by Gayle Forman
First sentence: “What if Shakespeare had it wrong?
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Review copy provided by my place of employment.
Allyson and her best friend Melanie have just recently graduated high school, and are off on a tour of Europe. You know the type: scheduled, regimented, seeing all the highlights tour. If it’s Wednesday, we must be in Rome type of thing. Allyson, being the structured-type girl herself, is enjoying it okay, in spite of Melanie’s attempts at a re-do. She keeps saying that in college they can reinvent themselves, but at the same time, loves that Allyson is so reliably… Allyson.
Then, they meet Willem. It was a fluke: when they were in Stratford-upon-Avon, they passed up the chance to see the Royal Shakespeare Company do Hamlet in favor of seeing a company called Guerrilla Will do Twelfth Night. And it was… something. Willem, 20 and Dutch, was charming, and Allyson fell, well, in like. And the next day when they met again on the train, she decided it was kismet, and decided on a whim to go to Paris with him. For the day.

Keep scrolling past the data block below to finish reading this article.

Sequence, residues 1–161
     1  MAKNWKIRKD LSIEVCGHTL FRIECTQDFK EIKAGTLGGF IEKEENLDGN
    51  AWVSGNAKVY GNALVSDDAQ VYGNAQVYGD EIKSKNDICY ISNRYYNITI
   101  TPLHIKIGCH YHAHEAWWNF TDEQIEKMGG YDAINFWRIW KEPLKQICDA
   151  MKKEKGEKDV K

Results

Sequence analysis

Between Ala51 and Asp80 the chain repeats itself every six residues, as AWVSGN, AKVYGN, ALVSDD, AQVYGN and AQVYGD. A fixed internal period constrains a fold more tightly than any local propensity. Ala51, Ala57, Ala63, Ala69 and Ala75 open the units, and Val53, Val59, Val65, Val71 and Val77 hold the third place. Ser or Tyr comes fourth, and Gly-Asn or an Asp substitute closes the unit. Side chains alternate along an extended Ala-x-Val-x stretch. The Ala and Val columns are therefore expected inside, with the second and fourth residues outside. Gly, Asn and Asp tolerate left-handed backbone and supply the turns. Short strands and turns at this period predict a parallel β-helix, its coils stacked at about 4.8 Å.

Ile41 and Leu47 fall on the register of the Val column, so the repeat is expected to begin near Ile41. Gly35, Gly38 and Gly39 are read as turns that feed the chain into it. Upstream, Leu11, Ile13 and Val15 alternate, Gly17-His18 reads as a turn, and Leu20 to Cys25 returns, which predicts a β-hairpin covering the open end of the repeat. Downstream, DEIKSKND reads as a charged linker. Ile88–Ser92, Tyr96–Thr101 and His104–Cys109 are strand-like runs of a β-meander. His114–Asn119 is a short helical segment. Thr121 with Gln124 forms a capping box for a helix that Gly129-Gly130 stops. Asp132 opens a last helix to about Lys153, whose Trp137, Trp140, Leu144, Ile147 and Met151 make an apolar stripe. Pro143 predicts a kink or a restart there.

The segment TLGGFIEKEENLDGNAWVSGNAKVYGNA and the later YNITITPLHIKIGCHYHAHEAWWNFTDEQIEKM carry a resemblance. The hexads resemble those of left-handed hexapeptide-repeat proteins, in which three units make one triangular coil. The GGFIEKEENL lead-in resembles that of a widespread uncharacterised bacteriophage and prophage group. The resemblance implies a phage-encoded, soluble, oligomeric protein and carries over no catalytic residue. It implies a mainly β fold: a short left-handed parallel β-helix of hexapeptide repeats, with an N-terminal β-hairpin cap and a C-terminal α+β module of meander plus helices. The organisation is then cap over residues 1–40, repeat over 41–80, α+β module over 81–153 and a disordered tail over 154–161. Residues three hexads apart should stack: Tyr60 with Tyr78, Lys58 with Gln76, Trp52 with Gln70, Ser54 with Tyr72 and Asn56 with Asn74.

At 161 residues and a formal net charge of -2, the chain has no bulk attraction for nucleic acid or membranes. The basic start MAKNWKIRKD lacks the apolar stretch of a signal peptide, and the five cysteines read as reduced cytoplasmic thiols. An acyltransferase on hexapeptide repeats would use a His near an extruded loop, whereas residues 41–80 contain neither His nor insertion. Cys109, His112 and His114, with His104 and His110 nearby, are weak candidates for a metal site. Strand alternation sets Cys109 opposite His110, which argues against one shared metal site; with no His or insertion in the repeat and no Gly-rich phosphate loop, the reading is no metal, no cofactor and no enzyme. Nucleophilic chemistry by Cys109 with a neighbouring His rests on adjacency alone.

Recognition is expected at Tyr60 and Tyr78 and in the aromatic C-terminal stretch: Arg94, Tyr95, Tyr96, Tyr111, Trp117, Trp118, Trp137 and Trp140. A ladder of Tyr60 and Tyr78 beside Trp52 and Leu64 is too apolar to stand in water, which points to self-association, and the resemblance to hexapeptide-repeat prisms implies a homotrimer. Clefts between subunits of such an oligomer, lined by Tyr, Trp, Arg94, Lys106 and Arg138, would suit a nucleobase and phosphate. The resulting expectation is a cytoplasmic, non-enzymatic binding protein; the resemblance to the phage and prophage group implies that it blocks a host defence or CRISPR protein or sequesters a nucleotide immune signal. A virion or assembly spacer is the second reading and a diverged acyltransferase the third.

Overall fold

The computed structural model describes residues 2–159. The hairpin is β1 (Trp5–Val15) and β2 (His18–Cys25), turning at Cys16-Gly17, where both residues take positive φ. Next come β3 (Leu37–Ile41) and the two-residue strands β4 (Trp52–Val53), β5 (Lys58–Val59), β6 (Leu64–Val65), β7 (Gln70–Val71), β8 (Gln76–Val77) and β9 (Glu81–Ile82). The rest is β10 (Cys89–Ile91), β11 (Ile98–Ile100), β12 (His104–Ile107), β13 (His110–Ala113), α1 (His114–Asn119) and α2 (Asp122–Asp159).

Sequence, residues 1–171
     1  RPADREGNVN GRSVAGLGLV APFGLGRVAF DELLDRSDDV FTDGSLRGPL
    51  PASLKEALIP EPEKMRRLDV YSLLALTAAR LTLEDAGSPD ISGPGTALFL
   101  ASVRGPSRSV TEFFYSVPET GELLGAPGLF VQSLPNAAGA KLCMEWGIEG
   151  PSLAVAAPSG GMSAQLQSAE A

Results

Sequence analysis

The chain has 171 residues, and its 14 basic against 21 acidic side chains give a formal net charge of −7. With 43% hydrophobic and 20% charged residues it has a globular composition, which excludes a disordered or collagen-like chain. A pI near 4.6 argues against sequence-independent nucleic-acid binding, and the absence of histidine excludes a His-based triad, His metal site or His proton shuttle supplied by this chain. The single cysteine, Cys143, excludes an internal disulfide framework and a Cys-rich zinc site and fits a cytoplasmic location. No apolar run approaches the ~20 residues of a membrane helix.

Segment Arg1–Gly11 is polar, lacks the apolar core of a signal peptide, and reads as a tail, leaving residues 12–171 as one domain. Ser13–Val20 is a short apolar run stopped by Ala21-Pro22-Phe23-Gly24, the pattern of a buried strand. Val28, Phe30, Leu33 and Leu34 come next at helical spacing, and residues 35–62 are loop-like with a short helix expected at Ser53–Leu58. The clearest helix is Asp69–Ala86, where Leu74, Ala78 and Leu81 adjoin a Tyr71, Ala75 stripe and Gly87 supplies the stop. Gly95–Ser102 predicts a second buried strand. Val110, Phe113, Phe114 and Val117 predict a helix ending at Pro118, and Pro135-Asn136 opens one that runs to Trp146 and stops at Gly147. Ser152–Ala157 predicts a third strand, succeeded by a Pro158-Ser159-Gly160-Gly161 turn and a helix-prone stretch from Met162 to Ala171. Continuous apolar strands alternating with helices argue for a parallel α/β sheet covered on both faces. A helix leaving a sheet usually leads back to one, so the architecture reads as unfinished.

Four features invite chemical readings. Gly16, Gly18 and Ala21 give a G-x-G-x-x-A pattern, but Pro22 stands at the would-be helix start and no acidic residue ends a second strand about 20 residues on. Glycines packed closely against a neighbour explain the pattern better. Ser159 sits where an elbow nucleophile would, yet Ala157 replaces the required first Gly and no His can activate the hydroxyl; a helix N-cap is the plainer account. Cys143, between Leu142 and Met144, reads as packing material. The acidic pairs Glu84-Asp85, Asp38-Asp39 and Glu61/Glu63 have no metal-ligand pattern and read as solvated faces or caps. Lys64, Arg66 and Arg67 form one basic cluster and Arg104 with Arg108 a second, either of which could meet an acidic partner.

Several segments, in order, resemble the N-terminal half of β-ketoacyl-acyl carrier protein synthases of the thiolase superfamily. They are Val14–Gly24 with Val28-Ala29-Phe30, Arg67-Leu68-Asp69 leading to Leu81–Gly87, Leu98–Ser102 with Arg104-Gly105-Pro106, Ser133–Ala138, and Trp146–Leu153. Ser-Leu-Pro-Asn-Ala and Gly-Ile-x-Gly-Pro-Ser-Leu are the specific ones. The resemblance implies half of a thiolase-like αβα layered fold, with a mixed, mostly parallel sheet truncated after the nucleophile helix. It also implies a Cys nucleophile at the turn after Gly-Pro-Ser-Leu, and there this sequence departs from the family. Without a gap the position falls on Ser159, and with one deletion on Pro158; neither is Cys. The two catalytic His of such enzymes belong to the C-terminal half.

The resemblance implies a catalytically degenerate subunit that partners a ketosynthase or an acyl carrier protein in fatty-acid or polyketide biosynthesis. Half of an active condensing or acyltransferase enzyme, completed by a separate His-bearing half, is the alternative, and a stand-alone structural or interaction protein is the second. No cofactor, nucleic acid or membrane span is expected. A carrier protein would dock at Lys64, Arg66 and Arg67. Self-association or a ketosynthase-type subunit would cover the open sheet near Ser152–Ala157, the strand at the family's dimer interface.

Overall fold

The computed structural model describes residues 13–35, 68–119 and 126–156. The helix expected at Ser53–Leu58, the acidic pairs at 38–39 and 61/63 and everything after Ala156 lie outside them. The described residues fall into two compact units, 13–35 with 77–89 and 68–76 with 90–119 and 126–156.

Forman really works this implausibility. (Especially for me, as a mother of four girls, I was conflicted. Part of me was: YES, PARIS!! How romantic! And it was, really. The other part of me was screaming: NOOOOOOOO!!!!) It makes sense for Allyson in that moment to make that choice, to experiment with living a life that was something other than her same structured existence. And what better place to do it than Paris? She has a marvelous day, and then… Willem’s gone. She’s alone. “It” didn’t work.
So she packs off home and heads up to college, where she tries to move on with her life. Or rather, move on with the life that her mother has assigned to her. I realized while reading this one that a lot of my ideas on parenting teens have come from reading teen novels because I could totally see where things were going to go. Helicopter mom = disastrous first semester. It wasn’t until her second semester that Allyson began to figure out how to stand up for what she wanted, how to make friends, how to find her own path instead of the one her parents made for her.
And the end? Well, let’s just say it’s a hopeful one. I’m not sure how plausible it is, but by that point, I didn’t care. I was fully invested in Allyson’s story, in her trials and her hopes and dreams. Which Foreman made come alive for me.
Besides, it’s Paris. You can’t get any better than that.